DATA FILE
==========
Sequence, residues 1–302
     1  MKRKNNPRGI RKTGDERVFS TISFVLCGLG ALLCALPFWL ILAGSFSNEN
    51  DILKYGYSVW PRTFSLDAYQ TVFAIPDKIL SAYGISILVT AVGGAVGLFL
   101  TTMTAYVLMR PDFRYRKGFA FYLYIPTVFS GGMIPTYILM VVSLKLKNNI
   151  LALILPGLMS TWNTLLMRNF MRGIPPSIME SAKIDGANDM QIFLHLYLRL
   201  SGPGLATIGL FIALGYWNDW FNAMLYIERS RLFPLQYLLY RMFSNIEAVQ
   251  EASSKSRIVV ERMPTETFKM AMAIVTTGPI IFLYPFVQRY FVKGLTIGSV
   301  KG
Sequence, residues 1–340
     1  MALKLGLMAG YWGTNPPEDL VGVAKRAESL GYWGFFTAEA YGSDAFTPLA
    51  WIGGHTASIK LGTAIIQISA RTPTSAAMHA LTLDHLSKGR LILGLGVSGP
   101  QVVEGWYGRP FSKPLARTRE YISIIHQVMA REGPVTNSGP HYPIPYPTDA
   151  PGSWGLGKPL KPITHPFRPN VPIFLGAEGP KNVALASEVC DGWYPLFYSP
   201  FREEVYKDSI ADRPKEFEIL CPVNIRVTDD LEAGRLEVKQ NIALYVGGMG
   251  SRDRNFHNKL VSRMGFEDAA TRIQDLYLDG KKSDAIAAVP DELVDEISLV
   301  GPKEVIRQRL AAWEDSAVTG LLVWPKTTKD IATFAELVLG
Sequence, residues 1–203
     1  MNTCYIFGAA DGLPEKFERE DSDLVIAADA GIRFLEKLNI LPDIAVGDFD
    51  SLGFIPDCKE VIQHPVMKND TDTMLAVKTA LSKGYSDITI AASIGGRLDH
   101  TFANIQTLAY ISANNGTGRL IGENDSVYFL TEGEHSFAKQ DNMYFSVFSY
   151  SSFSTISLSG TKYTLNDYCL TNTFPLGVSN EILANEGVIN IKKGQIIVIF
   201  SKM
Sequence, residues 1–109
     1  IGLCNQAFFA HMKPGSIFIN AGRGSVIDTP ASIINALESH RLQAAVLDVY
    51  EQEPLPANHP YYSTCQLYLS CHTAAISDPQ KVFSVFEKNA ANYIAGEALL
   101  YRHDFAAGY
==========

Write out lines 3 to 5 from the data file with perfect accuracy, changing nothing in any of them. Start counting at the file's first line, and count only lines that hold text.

    51  DILKYGYSVW PRTFSLDAYQ TVFAIPDKIL SAYGISILVT AVGGAVGLFL
   101  TTMTAYVLMR PDFRYRKGFA FYLYIPTVFS GGMIPTYILM VVSLKLKNNI
   151  LALILPGLMS TWNTLLMRNF MRGIPPSIME SAKIDGANDM QIFLHLYLRL